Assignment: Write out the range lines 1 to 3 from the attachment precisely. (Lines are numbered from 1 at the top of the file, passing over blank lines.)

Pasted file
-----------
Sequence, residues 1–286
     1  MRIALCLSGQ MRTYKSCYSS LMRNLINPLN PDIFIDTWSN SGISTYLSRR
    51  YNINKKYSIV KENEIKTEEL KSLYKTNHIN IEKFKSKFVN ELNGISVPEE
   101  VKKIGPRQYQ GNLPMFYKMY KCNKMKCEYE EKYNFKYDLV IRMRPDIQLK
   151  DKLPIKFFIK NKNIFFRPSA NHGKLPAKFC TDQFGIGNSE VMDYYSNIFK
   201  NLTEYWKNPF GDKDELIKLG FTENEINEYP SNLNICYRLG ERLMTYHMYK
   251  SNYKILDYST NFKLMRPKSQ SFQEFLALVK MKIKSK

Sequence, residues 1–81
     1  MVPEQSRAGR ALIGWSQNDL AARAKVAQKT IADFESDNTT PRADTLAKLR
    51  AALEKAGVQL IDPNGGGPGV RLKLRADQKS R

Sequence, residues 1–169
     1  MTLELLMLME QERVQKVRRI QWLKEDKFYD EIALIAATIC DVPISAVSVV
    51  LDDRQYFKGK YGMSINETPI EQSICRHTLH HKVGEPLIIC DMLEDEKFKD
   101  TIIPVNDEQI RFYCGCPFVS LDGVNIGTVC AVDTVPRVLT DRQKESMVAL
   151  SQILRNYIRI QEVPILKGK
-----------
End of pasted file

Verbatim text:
Sequence, residues 1–286
     1  MRIALCLSGQ MRTYKSCYSS LMRNLINPLN PDIFIDTWSN SGISTYLSRR
    51  YNINKKYSIV KENEIKTEEL KSLYKTNHIN IEKFKSKFVN ELNGISVPEE